•  1 min. read  •  grade level: 7
“The man of God” has been defined as “God’s emergency man.” If the divinely established order were working correctly, there would be no necessity for the man of God. In the earliest days of Christianity all was well. But when first love declined and disorder set in, we read of the man of God, and Timothy is the first person thus designated in the New Testament.
What is a “man of God”? Moses is the first servant of God who had this honored title. His life was one of singular devotedness to the Lord. He identified himself with God’s downtrodden people. He pleaded for them with God. His jealousy for God’s holy name was marvelous.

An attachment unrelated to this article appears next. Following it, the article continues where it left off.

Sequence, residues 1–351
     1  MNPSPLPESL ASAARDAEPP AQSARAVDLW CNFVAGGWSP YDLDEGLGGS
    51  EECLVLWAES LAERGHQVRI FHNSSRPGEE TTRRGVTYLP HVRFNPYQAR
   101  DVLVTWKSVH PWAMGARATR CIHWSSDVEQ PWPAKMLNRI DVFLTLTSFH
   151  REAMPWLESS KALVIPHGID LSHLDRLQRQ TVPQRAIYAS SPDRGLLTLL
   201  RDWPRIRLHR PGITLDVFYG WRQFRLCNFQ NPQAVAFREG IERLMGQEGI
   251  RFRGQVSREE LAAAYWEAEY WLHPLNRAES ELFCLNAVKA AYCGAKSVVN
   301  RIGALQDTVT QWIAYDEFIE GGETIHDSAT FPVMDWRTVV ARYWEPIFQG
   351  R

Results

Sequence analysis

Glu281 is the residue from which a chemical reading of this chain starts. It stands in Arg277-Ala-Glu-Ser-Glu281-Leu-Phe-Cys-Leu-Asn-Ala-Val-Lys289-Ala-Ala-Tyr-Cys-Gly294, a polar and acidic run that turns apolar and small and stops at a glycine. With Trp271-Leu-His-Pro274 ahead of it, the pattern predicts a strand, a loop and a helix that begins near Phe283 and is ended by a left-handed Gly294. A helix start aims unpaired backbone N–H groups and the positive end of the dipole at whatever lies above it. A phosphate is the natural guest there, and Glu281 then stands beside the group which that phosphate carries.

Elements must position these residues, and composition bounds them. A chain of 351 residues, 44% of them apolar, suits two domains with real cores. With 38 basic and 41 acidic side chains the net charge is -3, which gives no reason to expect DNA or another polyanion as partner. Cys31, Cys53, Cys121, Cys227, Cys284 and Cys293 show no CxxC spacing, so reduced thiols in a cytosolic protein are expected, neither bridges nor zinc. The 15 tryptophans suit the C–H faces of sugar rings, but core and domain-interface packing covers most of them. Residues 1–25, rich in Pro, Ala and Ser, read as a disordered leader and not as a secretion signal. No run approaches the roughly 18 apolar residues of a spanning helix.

Samuel was a man of God, and rightly so. Matters were critical in Israel when he was born. In the person of Eli, the priesthood had utterly broken down. Although personally a pious man, he permitted iniquity of the gravest kind in those nearest to himself. Then Samuel was raised up by God as a prophet to meet the need where the priesthood had failed.
Samuel’s personal character is an example to us all. His simple and unaffected piety, his blameless administration, his service of intercession, and his faithful reproving of evil in ruler and ruled furnish a delightful picture. We might well aspire to be a Samuel.
W. W. Fereday (adapted)